Several bills being discussed in the Rhode Island Senate are aimed at curbing drug overdoses, the No. 1 cause of accidental death in the state.
One of the bills would prevent insurance companies from limiting drugs doctors can prescribe. The measure would allow doctors to prescribe newer forms of opiate pain medications that can help prevent addiction, even if those newer drugs are more expensive.
"So that it can't be snorted, crushed, liquefied. And in some cases and the ones that we're really focusing on tonight are the newer ones that put the opiod antagonist right into the medication itself. You get the pain relief, but you don't get the addictive high from the pill," said Steven Detoy of the Rhode Island Medical Society.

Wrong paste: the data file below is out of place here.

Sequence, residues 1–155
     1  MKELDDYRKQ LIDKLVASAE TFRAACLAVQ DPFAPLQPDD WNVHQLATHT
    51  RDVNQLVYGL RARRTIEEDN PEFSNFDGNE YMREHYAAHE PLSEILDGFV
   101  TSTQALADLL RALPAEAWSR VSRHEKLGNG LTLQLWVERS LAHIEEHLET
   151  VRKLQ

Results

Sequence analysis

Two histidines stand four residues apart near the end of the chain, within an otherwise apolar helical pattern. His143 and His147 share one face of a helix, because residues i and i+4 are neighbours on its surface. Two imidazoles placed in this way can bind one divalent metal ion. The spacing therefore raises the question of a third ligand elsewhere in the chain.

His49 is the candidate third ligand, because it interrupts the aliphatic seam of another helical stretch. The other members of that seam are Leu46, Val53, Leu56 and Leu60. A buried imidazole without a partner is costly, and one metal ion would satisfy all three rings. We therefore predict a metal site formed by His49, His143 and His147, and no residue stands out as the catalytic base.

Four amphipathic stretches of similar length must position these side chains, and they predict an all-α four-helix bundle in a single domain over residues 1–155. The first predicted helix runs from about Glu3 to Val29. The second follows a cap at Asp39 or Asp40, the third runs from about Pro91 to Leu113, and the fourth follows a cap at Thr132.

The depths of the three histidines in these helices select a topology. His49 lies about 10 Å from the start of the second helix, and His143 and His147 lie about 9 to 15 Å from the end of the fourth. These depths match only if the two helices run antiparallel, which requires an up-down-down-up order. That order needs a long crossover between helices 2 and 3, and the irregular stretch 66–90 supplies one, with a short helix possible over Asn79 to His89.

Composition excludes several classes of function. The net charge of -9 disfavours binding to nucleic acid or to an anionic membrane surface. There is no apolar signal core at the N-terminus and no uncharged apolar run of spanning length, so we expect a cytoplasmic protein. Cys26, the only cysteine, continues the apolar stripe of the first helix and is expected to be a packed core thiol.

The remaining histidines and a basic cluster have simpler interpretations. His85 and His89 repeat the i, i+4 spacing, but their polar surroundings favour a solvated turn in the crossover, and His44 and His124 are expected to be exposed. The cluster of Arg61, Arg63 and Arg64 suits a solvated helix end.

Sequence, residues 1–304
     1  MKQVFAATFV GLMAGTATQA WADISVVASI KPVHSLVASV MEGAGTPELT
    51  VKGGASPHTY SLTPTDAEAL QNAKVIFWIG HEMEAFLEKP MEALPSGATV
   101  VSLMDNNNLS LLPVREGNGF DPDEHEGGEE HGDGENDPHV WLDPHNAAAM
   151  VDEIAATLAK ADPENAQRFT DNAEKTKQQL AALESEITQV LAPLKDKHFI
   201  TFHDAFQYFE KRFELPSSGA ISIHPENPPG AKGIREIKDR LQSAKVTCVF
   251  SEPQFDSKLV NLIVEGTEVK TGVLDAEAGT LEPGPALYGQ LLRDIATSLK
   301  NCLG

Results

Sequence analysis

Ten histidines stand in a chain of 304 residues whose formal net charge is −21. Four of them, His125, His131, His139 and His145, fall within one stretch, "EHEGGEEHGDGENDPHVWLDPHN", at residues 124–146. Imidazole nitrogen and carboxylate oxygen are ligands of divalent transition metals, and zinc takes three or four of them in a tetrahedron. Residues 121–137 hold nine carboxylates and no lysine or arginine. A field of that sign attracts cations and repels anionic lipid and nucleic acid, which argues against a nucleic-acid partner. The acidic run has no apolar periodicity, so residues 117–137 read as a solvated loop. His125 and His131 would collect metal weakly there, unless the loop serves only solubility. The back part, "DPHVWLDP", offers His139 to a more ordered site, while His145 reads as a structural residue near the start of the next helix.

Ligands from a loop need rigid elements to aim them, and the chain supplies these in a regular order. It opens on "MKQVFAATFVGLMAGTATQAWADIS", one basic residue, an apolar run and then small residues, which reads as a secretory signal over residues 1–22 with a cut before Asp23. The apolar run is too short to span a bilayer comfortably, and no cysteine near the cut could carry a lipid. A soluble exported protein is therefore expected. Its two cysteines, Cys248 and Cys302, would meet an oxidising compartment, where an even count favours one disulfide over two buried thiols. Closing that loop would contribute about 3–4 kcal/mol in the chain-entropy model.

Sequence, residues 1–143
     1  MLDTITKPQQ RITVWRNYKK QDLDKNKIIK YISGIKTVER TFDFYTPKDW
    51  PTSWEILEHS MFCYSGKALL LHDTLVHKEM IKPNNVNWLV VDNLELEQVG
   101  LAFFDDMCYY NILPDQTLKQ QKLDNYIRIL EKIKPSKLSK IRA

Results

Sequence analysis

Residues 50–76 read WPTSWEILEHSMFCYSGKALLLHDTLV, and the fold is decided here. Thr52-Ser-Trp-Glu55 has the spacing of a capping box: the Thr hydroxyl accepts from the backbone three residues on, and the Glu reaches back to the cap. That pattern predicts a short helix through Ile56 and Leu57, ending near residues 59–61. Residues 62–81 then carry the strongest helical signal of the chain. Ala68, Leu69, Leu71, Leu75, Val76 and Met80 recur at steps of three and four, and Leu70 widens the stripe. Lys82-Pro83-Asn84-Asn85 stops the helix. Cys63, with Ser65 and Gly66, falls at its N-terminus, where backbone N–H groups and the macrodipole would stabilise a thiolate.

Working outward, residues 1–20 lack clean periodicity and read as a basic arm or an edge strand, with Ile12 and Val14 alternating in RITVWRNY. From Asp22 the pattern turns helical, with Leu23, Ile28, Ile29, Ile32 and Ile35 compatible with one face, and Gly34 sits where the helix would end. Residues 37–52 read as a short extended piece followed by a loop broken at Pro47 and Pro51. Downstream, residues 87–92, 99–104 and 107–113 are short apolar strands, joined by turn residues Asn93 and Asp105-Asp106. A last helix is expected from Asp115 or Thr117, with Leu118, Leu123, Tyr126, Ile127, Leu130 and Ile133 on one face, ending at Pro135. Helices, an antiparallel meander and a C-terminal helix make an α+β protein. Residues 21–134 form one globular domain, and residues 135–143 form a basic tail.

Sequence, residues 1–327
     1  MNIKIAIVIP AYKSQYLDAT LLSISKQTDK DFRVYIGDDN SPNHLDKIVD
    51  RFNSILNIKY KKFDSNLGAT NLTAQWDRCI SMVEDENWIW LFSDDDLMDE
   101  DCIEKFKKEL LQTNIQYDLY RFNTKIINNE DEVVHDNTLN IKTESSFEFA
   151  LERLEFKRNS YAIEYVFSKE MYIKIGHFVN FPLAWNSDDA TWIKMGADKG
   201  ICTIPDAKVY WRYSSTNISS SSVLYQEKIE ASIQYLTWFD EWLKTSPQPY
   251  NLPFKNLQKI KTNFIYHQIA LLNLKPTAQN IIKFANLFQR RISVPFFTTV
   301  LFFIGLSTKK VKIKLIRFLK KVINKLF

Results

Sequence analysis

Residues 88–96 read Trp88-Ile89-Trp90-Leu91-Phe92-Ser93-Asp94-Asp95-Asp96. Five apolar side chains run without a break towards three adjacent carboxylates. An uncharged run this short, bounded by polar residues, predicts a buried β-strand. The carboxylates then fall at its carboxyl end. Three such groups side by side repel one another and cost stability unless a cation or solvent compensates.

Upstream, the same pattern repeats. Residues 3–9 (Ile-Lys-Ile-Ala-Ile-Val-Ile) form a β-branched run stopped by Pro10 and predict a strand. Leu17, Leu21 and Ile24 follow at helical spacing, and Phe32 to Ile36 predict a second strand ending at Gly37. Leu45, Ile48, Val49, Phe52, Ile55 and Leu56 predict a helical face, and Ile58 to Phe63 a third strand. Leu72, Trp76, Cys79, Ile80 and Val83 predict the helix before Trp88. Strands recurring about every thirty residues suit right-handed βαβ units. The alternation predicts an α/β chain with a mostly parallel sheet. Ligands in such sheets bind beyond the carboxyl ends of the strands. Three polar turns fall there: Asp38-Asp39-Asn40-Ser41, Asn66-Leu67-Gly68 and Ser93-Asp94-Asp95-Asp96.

A couple of other bills were up for discussion Tuesday.
One would require pharmacies to let a doctor know when certain patients refill prescriptions. Another would require health insurance companies to cover drugs that can help people recover from addiction.
"Addiction is a real epidemic. Overdose stats are a symptom of that epidemic. We really have to stay on point and keep in the public eye," James Gillen of the Anchor Recovery Community Center.
The state Department of Health said there have been 72 apparent accidental overdose deaths this year.